You’ve undoubtedly heard Ludwig van Beethoven’s “Moonlight Sonata.” But you may not know he wrote it while losing his own hearing.
That fact provides crucial context— or counterpoint, if you will — for Moonlight Sonata: Deafness in Three Movements.
A sequel of sorts to documentarian Irene Taylor Brodsky’s 2007 Hear and Now (an award-winner at the Sundance Film Festival, where Moonlight Sonata debuted earlier this year), the new documentary explores a range of intriguing themes.
Beethoven’s own anguish plays a supporting role, in the form of fanciful watercolor animation (by Brian Kinkley and Ben Luce) that reflects the composer’s emotional upheaval while creating his immortal work.
But the central conflict involves more contemporary characters: the filmmaker’s 11-year-old son Jonas and her parents Paul and Sally.
Hear and Now recounted Paul and Sally’s decision, after a lifetime of deafness, to have cochlear implant surgery, enabling them to experience life surrounded by sound.
Jonas has that surgery at a much earlier age, giving him access to things — including music — his grandparents spent much of their lives without.
Jonas becomes captivated by Beethoven’s “Moonlight Sonata” and convinces his skeptical piano teacher to let him play it at a future recital.
As Jonas immerses himself in the music, however, his connection with his hearing-impaired grandparents threatens to fade — just as his grandfather, showing the first signs of dementia, faces additional sensory loss.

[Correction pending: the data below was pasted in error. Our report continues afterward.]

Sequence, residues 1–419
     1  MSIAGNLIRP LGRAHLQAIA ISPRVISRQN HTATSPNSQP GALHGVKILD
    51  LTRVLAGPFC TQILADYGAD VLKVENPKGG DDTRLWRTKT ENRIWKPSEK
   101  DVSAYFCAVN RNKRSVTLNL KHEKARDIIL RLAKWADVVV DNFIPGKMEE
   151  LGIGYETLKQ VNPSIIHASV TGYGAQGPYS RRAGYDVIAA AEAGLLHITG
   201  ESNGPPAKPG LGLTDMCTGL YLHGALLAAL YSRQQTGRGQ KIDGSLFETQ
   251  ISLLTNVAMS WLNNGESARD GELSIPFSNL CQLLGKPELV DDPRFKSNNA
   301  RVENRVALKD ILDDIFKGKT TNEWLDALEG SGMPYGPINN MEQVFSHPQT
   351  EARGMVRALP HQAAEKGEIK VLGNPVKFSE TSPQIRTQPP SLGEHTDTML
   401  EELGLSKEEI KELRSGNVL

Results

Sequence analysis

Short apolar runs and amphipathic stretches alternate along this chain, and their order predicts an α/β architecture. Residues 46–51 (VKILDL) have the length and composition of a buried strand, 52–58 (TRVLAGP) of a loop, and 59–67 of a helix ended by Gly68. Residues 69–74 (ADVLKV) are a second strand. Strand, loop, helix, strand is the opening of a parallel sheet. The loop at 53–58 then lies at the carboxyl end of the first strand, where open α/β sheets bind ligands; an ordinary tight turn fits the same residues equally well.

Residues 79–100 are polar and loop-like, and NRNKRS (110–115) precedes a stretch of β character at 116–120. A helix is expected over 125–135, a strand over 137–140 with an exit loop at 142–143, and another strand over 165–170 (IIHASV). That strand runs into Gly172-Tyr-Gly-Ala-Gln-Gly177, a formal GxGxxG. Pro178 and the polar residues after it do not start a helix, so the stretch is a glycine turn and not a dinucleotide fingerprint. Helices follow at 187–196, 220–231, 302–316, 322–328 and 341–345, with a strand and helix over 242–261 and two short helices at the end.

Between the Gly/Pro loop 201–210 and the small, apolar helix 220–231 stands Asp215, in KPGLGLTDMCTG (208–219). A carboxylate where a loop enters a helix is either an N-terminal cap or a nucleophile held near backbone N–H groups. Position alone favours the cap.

Moonlight Sonata offers an unflinching, often unsettling intimacy as Jonas and his grandparents experience their sometimes silent, sometimes cacophonous worlds.
It also explores haunting questions of “normalcy” and human differences — as when, in one quietly devastating scene, a counselor likens deafness to a “typo” in the family’s genetic code. (The musical term “variation” seems far more appropriate.)
Yet the documentary also displays a welcome that’s-life vibe, mixing 8mm footage of Paul and Sally’s happy past with scenes from Jonas’ just-a-kid present, whether he’s energetically playing video games or cadging candy from his piano teacher with impish glee.
Throughout, Brodsky interweaves the movie’s generations, and motifs, with deceptive ease, finding vivid visual metaphors that underline, echo, and amplify Moonlight Sonata’s thoughtful observations.
More than anything, perhaps, Moonlight Sonata provides a powerful reminder (as if we needed one) that truth can be far more compelling than fiction.
It showcases elements — memorable characters, gripping conflicts, striking imagery— that many contemporary fictional features never bother to attempt, let alone achieve.